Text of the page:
Book Review: “Walk Through Fire: A Memoir of Love, Loss and Triumph” by Sheila Johnson

Reading through the first few pages of Sheila Johnson’s memoir, Walk Through Fire: A Memoir of Love, Loss, and Triumph (Simon and Schuster), I was instantly hooked. Many of us recognize Sheila Johnson as America’s first Black female billionaire, the brilliant woman who made history as a co-founder of Black Entertainment Television (BET). However, Johnson’s story is rich with layers that go far beyond her groundbreaking achievements in the television industry. She is also an accomplished violinist, actress, teacher, film producer, and photographer, among other talents.

Spanning 243 pages, Johnson’s memoir dives deep into her life, beginning with her childhood when she first learned to play the violin. It follows her through her college years, her meeting and subsequent marriage to Bob Johnson, and the turmoil that accompanied their 33-year-long relationship. Johnson doesn’t hold back; her memoir is a candid, tell-all account featuring a number of recognizable names whose revelations are sure to leave readers in shock.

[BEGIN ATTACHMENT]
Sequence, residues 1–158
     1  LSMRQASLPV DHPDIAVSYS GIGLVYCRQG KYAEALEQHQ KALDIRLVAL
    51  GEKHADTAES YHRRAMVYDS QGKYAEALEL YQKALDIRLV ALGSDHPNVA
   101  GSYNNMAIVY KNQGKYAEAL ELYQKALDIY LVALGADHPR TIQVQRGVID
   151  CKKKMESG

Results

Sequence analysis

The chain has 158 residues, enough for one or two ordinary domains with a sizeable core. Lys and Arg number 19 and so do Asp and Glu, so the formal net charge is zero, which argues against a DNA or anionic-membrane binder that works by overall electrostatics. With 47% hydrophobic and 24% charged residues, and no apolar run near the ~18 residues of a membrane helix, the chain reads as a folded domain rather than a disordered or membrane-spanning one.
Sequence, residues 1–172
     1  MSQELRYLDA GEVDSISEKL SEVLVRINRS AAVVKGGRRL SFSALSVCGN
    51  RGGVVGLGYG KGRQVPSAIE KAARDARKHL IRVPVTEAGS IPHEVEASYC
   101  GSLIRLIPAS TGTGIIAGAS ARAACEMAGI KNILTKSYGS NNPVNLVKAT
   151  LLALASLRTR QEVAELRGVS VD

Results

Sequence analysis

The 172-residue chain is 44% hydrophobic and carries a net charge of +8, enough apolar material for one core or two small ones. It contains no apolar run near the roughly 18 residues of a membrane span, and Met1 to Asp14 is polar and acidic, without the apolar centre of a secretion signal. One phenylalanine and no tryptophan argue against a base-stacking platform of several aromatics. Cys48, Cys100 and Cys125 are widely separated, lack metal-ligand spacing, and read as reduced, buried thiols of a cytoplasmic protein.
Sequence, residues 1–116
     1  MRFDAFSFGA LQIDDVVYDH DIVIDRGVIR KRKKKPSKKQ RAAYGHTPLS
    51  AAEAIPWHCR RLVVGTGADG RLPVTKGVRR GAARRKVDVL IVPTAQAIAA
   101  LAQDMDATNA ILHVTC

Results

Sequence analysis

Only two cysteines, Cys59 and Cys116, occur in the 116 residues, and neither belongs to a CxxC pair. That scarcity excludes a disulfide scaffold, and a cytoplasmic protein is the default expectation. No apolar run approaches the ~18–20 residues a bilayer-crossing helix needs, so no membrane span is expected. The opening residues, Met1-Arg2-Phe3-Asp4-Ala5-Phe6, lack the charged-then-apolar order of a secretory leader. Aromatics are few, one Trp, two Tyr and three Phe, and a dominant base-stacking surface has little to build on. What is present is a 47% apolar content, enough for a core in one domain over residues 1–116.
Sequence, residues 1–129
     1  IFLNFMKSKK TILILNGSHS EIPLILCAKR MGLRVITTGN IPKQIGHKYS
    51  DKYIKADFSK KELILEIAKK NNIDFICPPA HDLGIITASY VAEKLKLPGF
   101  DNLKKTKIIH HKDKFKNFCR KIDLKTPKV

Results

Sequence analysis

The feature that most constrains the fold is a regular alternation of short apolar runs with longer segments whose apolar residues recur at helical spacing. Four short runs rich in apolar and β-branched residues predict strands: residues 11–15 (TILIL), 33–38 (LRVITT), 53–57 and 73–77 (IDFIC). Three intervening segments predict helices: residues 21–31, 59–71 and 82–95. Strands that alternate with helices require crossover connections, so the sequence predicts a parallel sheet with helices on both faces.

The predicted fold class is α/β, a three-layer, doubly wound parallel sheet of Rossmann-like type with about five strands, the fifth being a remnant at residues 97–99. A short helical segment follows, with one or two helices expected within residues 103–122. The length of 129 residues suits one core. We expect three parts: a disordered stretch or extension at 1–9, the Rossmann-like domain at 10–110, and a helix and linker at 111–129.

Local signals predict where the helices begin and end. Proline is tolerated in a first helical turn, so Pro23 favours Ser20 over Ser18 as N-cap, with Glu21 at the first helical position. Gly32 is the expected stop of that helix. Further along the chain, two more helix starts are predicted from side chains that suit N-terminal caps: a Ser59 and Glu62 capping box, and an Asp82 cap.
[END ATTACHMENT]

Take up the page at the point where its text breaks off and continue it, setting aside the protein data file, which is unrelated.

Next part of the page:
Johnson writes with style and grace, demonstrating how a messy life can transform into a powerful message. She portrays herself as a woman who has persevered through significant hardship and adversity. For instance, at just sixteen years old, her father left her mother for another woman, which devastated her mother and shattered Sheila’s self confidence.

Despite the many challenges she faced, Sheila Johnson rose to remarkable heights. Today, she is the CEO and founder of Salamander Collection. Her memoir details how she found love again, became the first woman to own stakes in three professional sports franchises, and continues to expand her influence in both the philanthropic and entrepreneurship.

Walk Through Fire is a testament to the power of resilience and the importance of personal growth. Johnson’s story inspires readers to understand that through adversity, one can make profound changes not only in their own life but also in the world around them.

By: Gwen Pierce

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